Chris developed a preference for the more esoteric country blues. “There was this guy called Gary Rogers who was a photographer and a jazz drummer, and he used to have these big parties in his house and all these Americans would turn up. There’d be some guy with a bunch of records he’d brought straight from the States, all these Folkways albums – Lightnin’ Hopkins, Bukka White. We started listening and thought, ‘We could try this.’”
A fellow frequenter of the Rogers parties was local musician Warwick Brock. In early 1967 Grosz, Brock and Hammond formed the Band of Hope Jug Band, an acoustic group favouring rural blues and peppering the set list with hokum and novelty tunes. Before long they were performing at venues around town: the Folk Centre, El Segundo, Ram Jam, the Plainsman and the Stage Door.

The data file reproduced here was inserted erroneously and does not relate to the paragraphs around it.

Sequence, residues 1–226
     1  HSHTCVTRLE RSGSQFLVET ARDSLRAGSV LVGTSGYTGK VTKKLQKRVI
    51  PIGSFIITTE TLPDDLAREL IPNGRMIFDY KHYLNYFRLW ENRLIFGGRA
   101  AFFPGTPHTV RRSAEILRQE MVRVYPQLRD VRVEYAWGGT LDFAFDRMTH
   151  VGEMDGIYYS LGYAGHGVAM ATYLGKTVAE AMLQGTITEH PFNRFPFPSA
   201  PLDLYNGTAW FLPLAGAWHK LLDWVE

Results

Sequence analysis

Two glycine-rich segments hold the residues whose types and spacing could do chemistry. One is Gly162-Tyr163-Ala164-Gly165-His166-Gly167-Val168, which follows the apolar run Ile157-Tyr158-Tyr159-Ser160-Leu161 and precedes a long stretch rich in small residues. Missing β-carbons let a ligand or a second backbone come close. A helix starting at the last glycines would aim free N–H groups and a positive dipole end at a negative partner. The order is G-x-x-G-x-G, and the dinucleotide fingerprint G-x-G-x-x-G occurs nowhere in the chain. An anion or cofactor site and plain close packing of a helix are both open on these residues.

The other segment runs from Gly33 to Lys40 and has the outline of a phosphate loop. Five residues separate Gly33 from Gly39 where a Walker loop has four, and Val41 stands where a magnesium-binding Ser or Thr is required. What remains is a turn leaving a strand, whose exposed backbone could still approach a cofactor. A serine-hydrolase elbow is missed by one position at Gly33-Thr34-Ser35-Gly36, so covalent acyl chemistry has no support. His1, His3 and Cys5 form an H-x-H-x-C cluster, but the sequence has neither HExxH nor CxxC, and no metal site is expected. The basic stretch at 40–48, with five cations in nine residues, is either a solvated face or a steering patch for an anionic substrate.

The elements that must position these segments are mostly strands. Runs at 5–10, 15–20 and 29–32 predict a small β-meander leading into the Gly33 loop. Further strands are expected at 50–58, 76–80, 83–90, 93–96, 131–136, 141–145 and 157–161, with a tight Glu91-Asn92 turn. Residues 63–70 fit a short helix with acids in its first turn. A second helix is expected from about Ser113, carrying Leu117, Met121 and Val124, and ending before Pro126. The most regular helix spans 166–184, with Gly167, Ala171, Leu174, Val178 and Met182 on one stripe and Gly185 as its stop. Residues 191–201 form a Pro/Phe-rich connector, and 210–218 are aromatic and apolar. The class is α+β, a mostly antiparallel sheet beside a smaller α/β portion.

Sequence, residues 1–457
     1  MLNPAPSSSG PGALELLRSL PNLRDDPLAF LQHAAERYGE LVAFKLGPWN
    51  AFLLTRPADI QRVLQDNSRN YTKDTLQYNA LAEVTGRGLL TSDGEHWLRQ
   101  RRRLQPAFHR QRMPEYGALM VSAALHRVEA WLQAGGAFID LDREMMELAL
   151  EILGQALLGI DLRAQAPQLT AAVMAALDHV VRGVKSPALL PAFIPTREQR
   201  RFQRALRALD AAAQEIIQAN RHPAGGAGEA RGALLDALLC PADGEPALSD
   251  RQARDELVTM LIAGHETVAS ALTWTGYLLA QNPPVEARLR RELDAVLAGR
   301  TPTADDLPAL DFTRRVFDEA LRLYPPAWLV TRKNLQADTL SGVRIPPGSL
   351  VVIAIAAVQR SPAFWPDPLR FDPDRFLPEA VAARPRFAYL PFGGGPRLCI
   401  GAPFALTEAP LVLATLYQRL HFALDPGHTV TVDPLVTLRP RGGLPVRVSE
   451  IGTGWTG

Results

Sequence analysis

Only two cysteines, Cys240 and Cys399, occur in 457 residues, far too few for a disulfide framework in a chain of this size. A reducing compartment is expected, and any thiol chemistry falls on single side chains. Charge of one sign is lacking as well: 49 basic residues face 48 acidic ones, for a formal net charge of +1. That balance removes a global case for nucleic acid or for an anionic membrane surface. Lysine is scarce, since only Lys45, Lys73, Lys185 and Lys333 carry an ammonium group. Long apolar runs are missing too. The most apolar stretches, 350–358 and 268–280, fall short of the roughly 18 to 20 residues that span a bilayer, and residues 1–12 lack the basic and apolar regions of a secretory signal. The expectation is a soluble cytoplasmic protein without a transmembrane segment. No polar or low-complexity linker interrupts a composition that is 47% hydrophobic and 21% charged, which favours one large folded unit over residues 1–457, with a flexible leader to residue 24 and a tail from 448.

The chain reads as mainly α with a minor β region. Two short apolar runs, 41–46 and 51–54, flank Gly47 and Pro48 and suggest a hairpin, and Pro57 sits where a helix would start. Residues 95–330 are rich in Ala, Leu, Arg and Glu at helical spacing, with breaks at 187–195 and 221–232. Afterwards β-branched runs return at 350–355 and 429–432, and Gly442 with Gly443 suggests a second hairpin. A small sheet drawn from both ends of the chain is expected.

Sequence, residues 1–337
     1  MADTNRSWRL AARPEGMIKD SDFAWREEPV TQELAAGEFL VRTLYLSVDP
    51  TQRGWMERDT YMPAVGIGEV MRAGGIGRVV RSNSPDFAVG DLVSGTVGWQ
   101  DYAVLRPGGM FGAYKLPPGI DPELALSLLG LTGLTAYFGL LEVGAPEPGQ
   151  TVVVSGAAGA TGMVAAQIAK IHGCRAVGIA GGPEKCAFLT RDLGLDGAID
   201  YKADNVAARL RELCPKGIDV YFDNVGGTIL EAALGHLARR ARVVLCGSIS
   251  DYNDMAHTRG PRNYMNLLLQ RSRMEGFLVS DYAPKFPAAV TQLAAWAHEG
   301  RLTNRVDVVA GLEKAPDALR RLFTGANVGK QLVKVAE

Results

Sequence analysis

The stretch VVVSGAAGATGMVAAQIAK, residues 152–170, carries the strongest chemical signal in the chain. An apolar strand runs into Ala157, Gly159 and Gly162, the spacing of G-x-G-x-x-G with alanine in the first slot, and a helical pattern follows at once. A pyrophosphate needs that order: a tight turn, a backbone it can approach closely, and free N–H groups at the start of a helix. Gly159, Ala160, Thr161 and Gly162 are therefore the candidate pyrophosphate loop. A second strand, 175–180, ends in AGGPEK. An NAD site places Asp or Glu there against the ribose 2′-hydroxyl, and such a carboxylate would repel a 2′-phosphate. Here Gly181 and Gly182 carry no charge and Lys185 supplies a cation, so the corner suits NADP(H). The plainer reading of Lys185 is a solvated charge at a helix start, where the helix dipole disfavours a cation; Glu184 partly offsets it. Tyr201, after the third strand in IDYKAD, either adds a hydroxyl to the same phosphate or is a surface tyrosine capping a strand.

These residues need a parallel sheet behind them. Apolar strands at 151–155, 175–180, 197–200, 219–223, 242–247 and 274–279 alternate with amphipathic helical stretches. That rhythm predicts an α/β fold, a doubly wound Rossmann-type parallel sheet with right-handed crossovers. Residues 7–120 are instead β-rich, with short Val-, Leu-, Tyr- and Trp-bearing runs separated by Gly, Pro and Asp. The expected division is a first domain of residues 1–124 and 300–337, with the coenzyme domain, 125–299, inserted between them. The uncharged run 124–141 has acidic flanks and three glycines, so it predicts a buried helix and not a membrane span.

Grosz had a memorable encounter one night at the Plainsman. “I was out the back, this middle-class dude with a Dobro trying to play slide, and I remember this big black hand came over to my shoulder and” – he imitates a deep southern American voice – “‘No man, like this’. And he took the guitar off me. I remember exactly what he played. It was a blues lick and he was from Alabama. He said things like ‘Why are you guys interested in this music?’ ‘Because it’s just so damn good! It’s just not like this pap we’re being fed out of the radios all the time.’”
Chris had designed some posters for his friends in the Chants but when it came to the Band of Hope he had competition. “The problem with the Band of Hope was there were five graphic designers in the band: Warwick Brock, Darryl Watt, Dennis Hearfield, Bill Hammond and myself. So when it was time to do the album cover Warwick, who was the most opportunistic, managed to get onto the job and had it all ready to go.”